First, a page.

In the late 1970s the local Bozeman TU group used to put on an annual "Fly Fishing Fair" at the Gallatin County Fair Grounds. I can't remember who asked me to get involved but it might have been Dave Kumlein from the local Troutfitters fly shop. So that year it became my responsibility to organize the Fly Tying exhibitions. There was no email in those days. I wrote snail mail postal letters to a dozen or more local fly tiers, asking them to come to Bozeman to show everybody their work. Only Bing Lempke and George Grant actually showed up. George expressed surprise when he saw me. I used my nickname Sandy and he apparently assumed I would be a woman.
It was a real pleasure to actually meet George. He was a reserved and not in any way effusive man. He did smile a lot and was graciously helpful at every step of the way. George did tie some of his famous nymphs but he did not demonstrate his weaving technique. He tied those flies with strands of already woven hair hackles he brought with him. He gave all those flies away to people who stopped to watch.
He did bring some nymphs mounted in small plastic boxes which were for sale. I bought two nymphs. I can't count the number of times I kicked myself for not buying more. George also had two audio cassette tapes with him he had recorded at home, perhaps in order to be able to tell good stories without hassling with a manual typewriter. I bought both copies.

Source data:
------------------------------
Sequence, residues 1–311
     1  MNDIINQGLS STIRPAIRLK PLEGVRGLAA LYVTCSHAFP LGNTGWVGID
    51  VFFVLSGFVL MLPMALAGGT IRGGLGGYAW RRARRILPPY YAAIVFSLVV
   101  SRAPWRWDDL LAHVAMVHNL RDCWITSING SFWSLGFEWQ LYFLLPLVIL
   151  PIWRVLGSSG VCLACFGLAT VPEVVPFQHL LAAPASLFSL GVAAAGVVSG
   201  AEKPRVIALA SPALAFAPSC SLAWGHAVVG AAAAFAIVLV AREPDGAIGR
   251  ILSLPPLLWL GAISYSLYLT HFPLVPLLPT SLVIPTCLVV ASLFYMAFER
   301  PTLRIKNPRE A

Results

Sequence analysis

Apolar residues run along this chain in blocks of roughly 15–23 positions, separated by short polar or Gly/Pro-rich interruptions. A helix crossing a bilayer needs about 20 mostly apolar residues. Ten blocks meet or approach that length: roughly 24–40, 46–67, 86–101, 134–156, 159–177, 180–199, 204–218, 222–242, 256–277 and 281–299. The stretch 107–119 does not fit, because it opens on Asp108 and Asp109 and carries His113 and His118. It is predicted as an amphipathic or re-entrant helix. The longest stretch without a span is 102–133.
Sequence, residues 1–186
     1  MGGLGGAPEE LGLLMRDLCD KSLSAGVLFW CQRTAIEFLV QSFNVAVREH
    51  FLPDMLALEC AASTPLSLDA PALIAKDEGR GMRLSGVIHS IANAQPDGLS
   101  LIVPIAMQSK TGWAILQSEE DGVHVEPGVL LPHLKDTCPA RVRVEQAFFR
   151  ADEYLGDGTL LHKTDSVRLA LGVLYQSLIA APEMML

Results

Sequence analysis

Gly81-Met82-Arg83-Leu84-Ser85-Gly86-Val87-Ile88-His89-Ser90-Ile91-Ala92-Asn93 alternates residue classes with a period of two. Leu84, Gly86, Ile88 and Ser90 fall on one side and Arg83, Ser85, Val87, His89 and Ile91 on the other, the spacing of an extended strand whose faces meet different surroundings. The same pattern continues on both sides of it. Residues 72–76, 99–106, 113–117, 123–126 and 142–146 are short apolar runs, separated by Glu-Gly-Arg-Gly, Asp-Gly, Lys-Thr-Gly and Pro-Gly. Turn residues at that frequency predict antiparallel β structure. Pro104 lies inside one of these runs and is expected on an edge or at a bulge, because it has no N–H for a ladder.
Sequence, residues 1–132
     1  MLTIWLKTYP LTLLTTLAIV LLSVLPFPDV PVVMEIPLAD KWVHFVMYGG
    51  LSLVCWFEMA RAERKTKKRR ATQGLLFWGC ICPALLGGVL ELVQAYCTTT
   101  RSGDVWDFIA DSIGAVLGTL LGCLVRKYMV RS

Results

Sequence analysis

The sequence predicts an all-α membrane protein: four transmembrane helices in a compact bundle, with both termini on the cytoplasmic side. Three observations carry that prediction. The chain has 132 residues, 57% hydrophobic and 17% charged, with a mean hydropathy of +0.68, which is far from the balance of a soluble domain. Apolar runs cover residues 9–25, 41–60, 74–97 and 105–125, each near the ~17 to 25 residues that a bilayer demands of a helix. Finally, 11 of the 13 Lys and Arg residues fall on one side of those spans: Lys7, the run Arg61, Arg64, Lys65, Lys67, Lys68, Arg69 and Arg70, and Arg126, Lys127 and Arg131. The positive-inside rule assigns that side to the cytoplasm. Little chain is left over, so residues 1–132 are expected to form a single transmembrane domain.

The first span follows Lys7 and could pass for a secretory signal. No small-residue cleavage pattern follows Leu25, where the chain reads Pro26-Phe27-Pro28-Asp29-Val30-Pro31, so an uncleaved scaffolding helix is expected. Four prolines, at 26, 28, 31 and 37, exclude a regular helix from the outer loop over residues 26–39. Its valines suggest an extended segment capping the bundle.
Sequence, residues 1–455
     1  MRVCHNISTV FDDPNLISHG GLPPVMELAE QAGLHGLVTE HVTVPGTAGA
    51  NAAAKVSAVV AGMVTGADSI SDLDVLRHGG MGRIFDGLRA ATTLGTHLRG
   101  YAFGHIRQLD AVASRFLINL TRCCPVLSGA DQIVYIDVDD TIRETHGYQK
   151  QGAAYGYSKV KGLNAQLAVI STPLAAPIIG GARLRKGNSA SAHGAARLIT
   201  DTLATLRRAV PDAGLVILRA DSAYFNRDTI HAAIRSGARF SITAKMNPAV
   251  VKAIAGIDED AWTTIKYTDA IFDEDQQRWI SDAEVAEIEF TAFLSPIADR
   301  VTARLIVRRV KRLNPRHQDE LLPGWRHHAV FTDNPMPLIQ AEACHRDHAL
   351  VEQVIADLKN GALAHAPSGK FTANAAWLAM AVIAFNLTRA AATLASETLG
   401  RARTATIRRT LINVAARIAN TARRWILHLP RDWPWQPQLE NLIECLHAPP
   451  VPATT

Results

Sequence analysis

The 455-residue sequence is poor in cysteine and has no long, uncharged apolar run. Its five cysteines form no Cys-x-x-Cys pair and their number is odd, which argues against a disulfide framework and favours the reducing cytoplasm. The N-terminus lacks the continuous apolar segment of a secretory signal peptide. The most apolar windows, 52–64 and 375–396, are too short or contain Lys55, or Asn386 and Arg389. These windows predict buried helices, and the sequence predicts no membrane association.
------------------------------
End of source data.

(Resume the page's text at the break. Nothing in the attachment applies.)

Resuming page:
I have since used software and the keyboard to transcribe both of those audio cassettes into text, which you can read below as George-Grant-Transcript-1.htm and George-Grant-Transcript-2.htm. I also used software to re-format the cassette audio stream into mp4 format, which I have uploaded to YouTube. I don't really have a YouTube channel yet, just a few miscellaneous resource items about George Grant and Bing Lempke. And Al Troth. I do hope to start adding my own fly tying videos to that channel eventually. Perhaps by the end of 2023.
George wrote a lot. He started off a bit awkwardly but kept at. He wrote several books, made a dozen or so audio story recordings and he wrote an on-going newsletter for years. It's fun to watch his skills develop over time. Born into Butte Montana mining family poverty he wasn't given a good education. He was a smart determined and creative guy who could have learned anything. Later on in the book I quote a paragrahph he wrote about the state of the Big Hole River that is eloquent.
I could try to say more about George and his accomplishments and his life story but George does that below, in George-Grant-Transcript-1.htm. I also have the following jpeg images of his work, displayed in the George-Grant/Gallery link in the Table of Contents (TOC) at screen top-left.